4.2 Introduction 63

differential abundance changes between two expressed isoforms in both conditions. In the following, we will refer to the latter two events as Differential Alternative Splicing (DAS).

Due to the relatively low sensitivity of MS proteomics setups, it is in general not possible to distinguish between not expressed and not detected, which would be necessary to identify isoform switching. Additionally, absolute quantification of molecule copy numbers would be required, which is not feasible in a precise manner in MS proteomics [13]. Therefore, we rely on relative quantification, which enables precise fold change estimations (0.1-2 fold errors) via so called “local” peptide fold changes [119, 120]. In this study, we utilize the fact that peptide fold changes can be calculated in a substantial fraction of DAS events.

This complements current studies on splicing regulation, which employ different types of sequence-based approaches [85, 121, 122, 123] and often rely on transcriptomic DAS detec-tion [124, 125, 126, 127, 128]. We introduce a new computadetec-tional method based on our recently published differential quantification method for ”Mass Spectrometry analysis using Empirical and Replicate bases statistics” (MS-EmpiRe) [120]. MS-EmpiRe utilizes empirical between-replicate distributions to assign probabilities to individual peptide fold changes. In our new extended algorithm we present a framework to compare peptide fold changes against each other in the context of splicing (MS-EmpiReS). This enables us to score whether pep-tides mapping to one region of the protein have significantly different fold changes than peptides mapping to another region. In combination with isoform mappings from the En-sembl [129] database we asEn-semble these regional local fold changes to fold change differences between isoforms and thereby identify candidates for all types of DAS. The basic principle is displayed in Figure 4.1B with an example of two expressed isoforms in two conditions (case (iii)). Isoform 1 doubles from condition 1 to condition 2, while isoform 2 does not change between the conditions. After enzymatic digestion, the peptides either map only to isoform 2 (blue), or map to both isoform 1 and isoform 2 (red). It should be noted that in general peptides mapping only to isoform 1 or peptides mapping to an additional isoform also exist.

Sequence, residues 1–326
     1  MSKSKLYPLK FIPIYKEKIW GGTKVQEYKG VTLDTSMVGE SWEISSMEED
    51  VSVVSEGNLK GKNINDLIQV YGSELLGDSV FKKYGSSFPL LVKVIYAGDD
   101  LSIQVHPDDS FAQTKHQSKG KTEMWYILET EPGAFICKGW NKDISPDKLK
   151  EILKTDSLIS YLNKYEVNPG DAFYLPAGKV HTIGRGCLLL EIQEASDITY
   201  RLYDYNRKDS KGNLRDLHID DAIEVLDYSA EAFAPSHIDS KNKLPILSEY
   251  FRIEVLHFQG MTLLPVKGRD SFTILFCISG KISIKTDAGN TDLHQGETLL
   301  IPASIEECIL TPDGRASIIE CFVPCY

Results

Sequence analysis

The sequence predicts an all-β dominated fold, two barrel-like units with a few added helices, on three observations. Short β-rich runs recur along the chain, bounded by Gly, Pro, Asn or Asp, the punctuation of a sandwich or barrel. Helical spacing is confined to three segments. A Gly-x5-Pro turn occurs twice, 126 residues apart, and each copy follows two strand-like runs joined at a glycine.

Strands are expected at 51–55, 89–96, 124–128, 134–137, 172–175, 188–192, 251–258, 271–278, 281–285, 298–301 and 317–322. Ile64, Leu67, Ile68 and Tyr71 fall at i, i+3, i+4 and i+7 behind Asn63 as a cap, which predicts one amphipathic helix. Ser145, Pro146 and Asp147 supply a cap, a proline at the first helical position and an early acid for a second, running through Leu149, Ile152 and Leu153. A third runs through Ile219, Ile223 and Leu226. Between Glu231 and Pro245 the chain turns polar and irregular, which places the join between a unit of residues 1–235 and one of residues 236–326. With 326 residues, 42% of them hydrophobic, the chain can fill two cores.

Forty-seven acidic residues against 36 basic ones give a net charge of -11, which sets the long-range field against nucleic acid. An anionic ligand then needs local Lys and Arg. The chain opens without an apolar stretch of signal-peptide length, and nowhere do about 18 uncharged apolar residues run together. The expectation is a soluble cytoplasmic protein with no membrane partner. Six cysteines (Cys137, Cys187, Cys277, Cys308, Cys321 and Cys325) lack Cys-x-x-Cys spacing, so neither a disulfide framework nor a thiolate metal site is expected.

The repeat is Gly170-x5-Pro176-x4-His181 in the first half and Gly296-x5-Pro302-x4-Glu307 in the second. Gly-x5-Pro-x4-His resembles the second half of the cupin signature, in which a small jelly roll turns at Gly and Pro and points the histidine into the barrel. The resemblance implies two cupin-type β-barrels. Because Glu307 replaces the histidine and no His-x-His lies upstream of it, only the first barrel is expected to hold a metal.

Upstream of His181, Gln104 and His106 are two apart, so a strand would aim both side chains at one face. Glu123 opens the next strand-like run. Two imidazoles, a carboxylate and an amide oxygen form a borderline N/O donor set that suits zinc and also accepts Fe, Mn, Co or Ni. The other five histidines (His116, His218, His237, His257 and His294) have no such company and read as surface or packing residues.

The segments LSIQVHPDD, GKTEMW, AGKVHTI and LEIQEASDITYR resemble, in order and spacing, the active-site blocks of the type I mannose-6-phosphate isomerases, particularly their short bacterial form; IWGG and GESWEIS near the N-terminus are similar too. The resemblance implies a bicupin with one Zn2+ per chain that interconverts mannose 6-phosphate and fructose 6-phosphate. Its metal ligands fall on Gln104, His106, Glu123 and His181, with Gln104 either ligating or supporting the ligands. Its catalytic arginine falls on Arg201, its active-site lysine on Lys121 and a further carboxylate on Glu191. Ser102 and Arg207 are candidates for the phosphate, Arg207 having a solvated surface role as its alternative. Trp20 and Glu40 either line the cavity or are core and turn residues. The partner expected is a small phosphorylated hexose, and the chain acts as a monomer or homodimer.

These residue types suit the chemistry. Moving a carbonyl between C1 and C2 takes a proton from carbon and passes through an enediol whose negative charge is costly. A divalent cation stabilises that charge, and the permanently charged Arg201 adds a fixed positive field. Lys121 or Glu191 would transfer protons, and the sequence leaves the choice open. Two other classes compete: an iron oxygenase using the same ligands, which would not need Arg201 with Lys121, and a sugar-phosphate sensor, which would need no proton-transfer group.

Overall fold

These scenarios can always be reduced to a similar case as displayed here (see methods) and are hence omitted in the Figure for clarity. The fold changes of the red peptides should cen-ter around 3/2, because there are two copies in condition 1 and three copies in condition 2.

The fold changes of the blue peptides should center around 1, because there is no change in isoform 2 between conditions. With MS-EmpiReS, we statistically evaluate the fold change differences between such groups of peptides, as described below. We additionally comple-ment this quantification-based approach with a sequence based approach to utilize the full information available in the dataset. The MS-EmpiReS approach hence differs from current approaches due to the quantification-based identification. Current evaluations of protein-level DAS are based on detecting sequence-based splicing in MS proteomics measurements.